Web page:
April 16, 2024
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April 16, 2024
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Shemini: Just Like Chicken Vayikra: 11: 3

The Society for Exotic Kosher Cuisine met once a year at a local restaurant in Teaneck, usually a steak emporium. Its goal was obvious: the members ate the kosher but unusual. If the Torah allowed it, they wanted to taste it. Many in the community found their objective abhorrent, or at least decadent, but at $1,000 a plate and a large membership, the SEKC raised a lot of money for local charities (appropriately, most of the proceeds went to feed the hungry).

In past years, bison, gazelle and venison (a polite word for deer, or as my son once exclaimed, “Hey! They’re eating Bambi!”) were popular, if noncontroversial choices. Last year, the theme of their annual banquet was game birds. The SEKC dined on pheasant, goose, partridge, and quail, all considered kosher according to Jewish law. The shechita, the ritual slaughtering, was performed with the strictest rabbinical supervision and with rigorous standards, and everyone dined on their favorite fowl friends. The only proviso from Dan Schechter, the chairman of the society, was that no one was allowed to say, “Gee, this tastes just like chicken.”

Two years ago, a locust dessert (chocolate dipped) was planned, but a rabbinical controversy arose over whether the little crunchy Orthoptera were certifiably kosher, and so it was nixed. Instead, a society member from a Yemenite background, where the tradition of eating grasshoppers was more readily accepted, spoke on his experiences with edible insects (they apparently taste like marshmallow Rice Krispy treats), and instead tiramisu, with a secret ingredient, was served as the final course (people were too scared to ask what the secret ingredient was).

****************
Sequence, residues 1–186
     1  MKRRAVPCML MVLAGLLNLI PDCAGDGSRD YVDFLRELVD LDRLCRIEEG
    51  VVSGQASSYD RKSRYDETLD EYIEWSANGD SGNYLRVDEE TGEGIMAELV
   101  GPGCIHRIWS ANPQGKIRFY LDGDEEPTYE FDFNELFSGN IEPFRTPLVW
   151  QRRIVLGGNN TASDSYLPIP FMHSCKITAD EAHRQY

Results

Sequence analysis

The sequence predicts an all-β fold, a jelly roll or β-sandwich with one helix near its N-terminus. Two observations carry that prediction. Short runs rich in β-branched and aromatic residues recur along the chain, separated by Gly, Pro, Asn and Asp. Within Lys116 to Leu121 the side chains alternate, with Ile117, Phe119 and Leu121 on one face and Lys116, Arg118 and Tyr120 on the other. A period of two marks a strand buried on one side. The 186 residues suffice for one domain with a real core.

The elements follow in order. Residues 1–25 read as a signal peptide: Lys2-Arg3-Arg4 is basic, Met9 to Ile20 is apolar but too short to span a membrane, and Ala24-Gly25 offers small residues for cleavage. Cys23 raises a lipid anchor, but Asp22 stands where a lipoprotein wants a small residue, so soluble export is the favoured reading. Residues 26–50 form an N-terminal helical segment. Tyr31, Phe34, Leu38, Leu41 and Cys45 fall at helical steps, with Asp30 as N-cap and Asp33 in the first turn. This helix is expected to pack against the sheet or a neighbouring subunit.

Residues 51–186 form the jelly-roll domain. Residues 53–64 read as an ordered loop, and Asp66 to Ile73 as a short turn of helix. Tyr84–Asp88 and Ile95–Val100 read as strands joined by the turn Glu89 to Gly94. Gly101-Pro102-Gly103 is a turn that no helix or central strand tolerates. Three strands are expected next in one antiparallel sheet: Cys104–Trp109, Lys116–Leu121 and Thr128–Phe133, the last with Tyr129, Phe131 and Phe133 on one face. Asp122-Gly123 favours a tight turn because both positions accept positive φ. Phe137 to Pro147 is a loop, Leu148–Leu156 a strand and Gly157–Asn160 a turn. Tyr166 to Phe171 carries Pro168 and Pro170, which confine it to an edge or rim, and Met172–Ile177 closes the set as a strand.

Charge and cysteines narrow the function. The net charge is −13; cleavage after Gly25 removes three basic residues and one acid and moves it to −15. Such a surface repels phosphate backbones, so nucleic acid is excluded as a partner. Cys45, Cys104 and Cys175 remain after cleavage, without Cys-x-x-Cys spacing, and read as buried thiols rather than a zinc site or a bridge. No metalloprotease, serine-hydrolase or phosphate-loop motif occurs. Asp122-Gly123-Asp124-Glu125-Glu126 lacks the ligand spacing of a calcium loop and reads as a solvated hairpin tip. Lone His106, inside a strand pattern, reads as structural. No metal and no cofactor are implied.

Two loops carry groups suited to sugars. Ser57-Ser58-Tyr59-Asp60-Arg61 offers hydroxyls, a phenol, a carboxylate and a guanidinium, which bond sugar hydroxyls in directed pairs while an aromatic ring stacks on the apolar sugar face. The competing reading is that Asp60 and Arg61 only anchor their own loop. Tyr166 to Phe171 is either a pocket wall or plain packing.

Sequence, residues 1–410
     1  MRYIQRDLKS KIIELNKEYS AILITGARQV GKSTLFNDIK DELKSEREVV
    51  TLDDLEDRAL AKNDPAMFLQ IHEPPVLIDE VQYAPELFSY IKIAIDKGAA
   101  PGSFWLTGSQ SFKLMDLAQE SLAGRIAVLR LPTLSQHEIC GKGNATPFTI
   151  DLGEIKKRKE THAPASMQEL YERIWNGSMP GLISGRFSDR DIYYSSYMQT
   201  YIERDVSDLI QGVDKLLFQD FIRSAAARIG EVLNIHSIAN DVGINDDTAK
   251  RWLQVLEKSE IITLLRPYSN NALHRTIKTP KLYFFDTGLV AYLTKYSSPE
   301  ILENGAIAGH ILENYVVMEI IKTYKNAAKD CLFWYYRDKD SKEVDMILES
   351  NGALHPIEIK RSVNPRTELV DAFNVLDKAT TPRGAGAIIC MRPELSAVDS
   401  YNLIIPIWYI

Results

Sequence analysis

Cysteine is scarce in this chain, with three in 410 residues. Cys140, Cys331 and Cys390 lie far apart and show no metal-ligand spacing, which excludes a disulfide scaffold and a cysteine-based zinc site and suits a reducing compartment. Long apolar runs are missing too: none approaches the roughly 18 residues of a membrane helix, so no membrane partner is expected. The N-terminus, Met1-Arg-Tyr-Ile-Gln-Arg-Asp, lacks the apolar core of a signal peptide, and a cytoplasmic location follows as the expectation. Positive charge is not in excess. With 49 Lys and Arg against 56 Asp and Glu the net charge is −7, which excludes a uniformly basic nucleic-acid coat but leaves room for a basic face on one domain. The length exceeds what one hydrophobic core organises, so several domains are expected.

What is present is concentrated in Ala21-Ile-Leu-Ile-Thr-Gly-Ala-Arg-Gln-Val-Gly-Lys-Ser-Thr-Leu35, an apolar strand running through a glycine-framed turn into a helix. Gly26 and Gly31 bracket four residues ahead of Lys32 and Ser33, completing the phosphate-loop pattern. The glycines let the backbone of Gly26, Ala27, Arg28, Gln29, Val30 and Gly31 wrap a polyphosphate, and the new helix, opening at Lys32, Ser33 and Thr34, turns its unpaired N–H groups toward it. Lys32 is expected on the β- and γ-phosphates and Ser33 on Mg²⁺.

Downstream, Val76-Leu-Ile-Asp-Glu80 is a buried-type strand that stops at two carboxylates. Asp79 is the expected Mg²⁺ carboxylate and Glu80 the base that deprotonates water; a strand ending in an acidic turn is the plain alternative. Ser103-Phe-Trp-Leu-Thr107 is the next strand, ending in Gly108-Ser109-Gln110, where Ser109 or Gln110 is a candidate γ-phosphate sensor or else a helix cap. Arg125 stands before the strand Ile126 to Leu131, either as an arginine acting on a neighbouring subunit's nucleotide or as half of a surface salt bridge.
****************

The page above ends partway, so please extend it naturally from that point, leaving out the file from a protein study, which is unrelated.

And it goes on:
This year, something particularly unusual was planned for the menu, which was attracting a lot of attention. Though not entirely without controversy, the SEKC was planning to serve an African, even-toed, ungulate mammal. It had a split hoof, it chewed its cud (ergo the term ungulate), and it was reported to be the “tallest of all land-living animal species.”*Yes, for this year’s feast, the SEKC was going to serve Giraffa Camelopardalis, a giraffe.

The kashrut of giraffes is problematic. Traditionally, the animal referred to as the zemer in Devarim 14:5 is thought to be a giraffe, but it is not universally accepted. Others debate where on the neck to do shechita—and clearly there’s a lot of neck to choose from—but most authorities state this is not an issue.